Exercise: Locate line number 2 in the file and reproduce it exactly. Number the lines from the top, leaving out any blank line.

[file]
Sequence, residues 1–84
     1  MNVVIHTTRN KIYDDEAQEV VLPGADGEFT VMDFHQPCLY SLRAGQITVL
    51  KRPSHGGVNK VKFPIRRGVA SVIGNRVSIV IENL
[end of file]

     1  MNVVIHTTRN KIYDDEAQEV VLPGADGEFT VMDFHQPCLY SLRAGQITVL